If passed into law as now appears likely, the measure would compel large outlets such as Facebook and Twitter to rapidly remove fake news that incites hate, as well as other "criminal" content, or face fines as high as 50 million euros ($53 million).
Germany's justice minister said hate speech posed a grave danger to harmonious living in a free, open and democratic society.
Already, a few fake news reports have emerged in Germany, including one falsely alleging a rape previous year of a German girl of Russian descent by asylum seekers.
German Justice Minister Heiko Maas said the companies are responsible for policing and removing hateful content from their sites and that "there is no room for criminal incitement on social media".
Google was judged to have faired better at swiftly nixing hate speech from its social sharing platform YouTube.
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Beyond hate speech and fake news, the draft legislation also covers other illegal content, including child pornography and terrorism- related activity.
The companies would have 24 hours to remove any posts that openly flout German law after they are flagged by users.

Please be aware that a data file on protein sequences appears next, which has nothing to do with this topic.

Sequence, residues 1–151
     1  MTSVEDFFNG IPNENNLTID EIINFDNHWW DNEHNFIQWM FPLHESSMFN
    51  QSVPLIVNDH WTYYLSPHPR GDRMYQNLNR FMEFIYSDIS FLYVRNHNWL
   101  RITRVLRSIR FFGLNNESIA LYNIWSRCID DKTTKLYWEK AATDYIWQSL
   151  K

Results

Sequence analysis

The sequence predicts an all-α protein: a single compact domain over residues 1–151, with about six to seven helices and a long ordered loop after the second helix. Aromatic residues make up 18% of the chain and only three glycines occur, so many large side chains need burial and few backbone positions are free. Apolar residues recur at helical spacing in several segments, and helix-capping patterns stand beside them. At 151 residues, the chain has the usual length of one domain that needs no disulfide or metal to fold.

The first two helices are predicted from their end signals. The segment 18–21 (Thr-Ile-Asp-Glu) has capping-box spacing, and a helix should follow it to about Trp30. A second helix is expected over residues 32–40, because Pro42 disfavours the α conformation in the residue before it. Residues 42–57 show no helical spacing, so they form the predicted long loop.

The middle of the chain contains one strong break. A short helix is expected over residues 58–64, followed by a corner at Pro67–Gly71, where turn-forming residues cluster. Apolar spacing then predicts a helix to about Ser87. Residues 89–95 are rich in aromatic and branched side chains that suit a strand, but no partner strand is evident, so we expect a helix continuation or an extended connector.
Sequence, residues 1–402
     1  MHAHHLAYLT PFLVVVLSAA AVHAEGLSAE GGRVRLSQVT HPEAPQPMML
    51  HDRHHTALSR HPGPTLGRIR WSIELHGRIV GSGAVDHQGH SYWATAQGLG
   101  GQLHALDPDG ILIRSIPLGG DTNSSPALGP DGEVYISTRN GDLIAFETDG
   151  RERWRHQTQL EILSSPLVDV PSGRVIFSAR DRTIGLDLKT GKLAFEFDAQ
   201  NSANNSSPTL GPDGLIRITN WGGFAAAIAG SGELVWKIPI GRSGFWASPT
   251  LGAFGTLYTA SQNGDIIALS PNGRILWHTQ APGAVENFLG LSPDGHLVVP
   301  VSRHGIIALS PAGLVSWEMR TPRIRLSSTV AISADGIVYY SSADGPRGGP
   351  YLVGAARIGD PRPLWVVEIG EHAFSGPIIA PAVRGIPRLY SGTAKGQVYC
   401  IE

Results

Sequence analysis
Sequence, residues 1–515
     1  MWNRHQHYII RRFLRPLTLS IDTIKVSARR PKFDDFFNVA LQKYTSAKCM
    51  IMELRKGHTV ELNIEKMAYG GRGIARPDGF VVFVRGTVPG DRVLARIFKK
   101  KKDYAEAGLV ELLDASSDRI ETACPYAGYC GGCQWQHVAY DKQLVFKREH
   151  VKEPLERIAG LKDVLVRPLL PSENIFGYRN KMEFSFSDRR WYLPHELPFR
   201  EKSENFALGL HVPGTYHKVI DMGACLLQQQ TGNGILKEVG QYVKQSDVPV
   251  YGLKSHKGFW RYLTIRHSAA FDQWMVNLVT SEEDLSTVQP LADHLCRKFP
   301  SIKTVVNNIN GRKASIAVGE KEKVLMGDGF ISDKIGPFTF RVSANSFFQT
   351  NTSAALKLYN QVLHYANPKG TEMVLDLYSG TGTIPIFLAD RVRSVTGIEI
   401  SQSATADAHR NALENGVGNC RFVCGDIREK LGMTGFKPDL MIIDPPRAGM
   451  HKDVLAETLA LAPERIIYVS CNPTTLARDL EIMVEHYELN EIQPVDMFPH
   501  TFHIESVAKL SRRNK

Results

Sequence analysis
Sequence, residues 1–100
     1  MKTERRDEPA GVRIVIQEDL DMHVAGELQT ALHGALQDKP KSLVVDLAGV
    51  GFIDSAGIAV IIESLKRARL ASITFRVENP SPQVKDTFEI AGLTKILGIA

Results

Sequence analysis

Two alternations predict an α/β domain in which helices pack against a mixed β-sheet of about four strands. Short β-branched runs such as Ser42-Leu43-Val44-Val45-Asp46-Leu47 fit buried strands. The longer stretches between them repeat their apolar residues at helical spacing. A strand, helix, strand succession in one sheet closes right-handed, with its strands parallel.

But critics warned that the proposed law could stifle freedom of expression.
She also said that the hefty fines envisaged in the bill would work as "almost an invitation to not only delete real insults, but everything for safety's sake".
Facebook said it was examining the proposed rule, but stressed that it has heavily invested in boosting the resources of its content review team. "That would have a serious impact on free speech on the internet", Bernhard Rohleder, manager of Bitkom, a German group representing 2,400 digital companies, said in a statement.
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The new law would give social networks 24 hours to delete or block criminal content and seven days to deal with less clear-cut cases, with an obligation to report back to the person who filed the complaint about how it was handled.
Mr Maas acknowledged that freedom of expression "has huge significance in our democracy".
"In the end, we need European solutions for companies that operate across Europe", Mr Maas told reporters.
Stephen Deadman, Facebook's global deputy chief privacy officer, said at a conference in Berlin last month that the social media giant's scale makes it hard to monitor and filter everything that gets published and that it had hundreds of staff working on the issue.
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